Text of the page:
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title: 'El Paso herald. (El Paso, Tex.) 1901-1931, June 16, 1915, HOME EDITION, Image 1',
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A- ran bank note 17V Mexican pesos
4 hihuahua currency 31 Carranza
urrenty 8 Bar dnr (Handy & Har
mon quotation) 4S Copper 26 37
20 50 i. rains higher Livestock, steady
in. ks. higher
El Paso and went Tens, fair; New Mex
ico partly eleedy; Arisona, lair.
EL PASO. TEXAS. WEDNESDAY EVENING, JUNE 16. 1915. delivered anywhere m cents a month. 12 PAGES. TWO SECTIONS. TODAY.
LATEST NEWS BY ASSOCIATED PRESS.
SINGLE COPT FIVE CENTS
BERNSTORFF HAS DUPED U. S.
Former Secretary Of Naoy
Says Few Battleships
Former Chiefs Of Army audi
Naoy Portfolios Urge
Action for Defence. '
NEW YORK. June 1 -Delegates
" the peace and Drnnni,..
conference of the National Se-
"i-in league were told tr two fnrm.r I
cabinet officers today that the United
-., ... , smenoraung and that i
the United State am. l. h.u. . .
equate for war or defemae mrn
Tne statements were made, .regarding
the navy, by George von L. Meyer, for- I
ri. r secretary of the navy In the Taft
v.uinet, and, lor the army, by Jacob
M Dickinson, secretary of war under
former president Taft. -
Both speakers emphasized the ira
por,taD';e J" lmmedlat remedial action
and called epical attention defects
in the tvro great defence branches of
trV,?D'i"i!,,5ir,"si'' S" Meyer.
t.-'at the Araertcati navy-mdteioraUbK,
outlined the respects In wMeh -h. kT'
I tied such to be the case and Urged!
that investigation of the national He! .
lence and a compTehemUv e plan for the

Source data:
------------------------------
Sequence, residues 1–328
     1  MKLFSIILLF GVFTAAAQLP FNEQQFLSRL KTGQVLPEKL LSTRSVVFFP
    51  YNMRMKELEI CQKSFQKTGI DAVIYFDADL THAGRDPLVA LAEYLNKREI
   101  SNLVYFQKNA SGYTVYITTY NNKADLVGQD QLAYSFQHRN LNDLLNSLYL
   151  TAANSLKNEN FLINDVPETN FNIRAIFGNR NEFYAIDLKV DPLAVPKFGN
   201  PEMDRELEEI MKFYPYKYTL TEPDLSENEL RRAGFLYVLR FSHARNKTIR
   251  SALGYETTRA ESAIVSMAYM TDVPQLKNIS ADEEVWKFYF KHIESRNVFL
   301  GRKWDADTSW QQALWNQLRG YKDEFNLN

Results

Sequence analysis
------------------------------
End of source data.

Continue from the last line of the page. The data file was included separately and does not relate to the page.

future should be made, obligatory upon
the next nnnn-..,
Lack of battle cruisers, airships, i '
ormed aeroplanes and men. lack of a I
' " reserve oi experienced -men. lack-t-
. juuiprenensive policy of national
ucfence. lack of general public knowl
edge of the navy's condition, redaction
of complements of some ships to man
other and newer ships and. Berferal-on-preparedness
on the -part of many bat
tleships and .other fighting units were
enumerated as Instances' of naval In
feriority Mr. Meyer said, in part:
Few BnUlrnhlp Rrnily for Service.
"Of the 33 battleships we have only
21 that are fitted for service without
long delay. Furthermore, we have about
TO miscellaneous fighting ships not pre
pared for service in case of ennrm
We lack battle: cruisers, airships and.
ii meu aeroplanes.
" Our submarines are in a crippled
The complement of all torpedo de
stroyers has been reduced from 15 to
-." percent to get men to commission
new boats This reduction in personnel
j a serious handicap, reduces the effl
ciencv of the destrovers, affects con
tentment, and prevents the boat being
kept in good cordition
"The Atlantic fleet alone needs 5000
The reserve fleet at Philadelphia
was largely depleted in order to get
a crew for the Alabama when she was
ordered to H-imnton Roads to enforce
Review a Mere Imltntlon.
The rev lew .n. New York this year
vi as a poor imitation of previous re
v tews, in that the 1 escrve fleet was
absent. It was a mere parade, not a
i-iobilization. K did not indicate the
true condition of the navy because the
people did not know the whole truth.
"For liicK of men, ships are laid up at
varos, wnere tney rapidly aeter-
ioi tte. like a vacant house. ' All small
tints and all cruisers now Aid ur for
lack of men are needed in Mexico and
elsewuere. and should be ready for an
emergency call to prevent the employ
ment of battleships at gunboat duty.
The complement of enlisted men at
shore stations and training stations
has been cnt down, with a decided loss
of efficiency and greatly to the dis
content and discomfort of the men.
"To enumerate the ships in the navv
and make a list of new ships author
ized gives no idea whatever of the true
condition of the navy as to Its readi
ness for war. Ships without men are
of little use, and a navy without a
policv, and with no well considered or
ganisation at the nav y department will
onl invite A condition of chaos in
event of war.
Aavy la Deteriorating.
"The statement of assistant secretary
Roosevelt that We need 18V0b men. is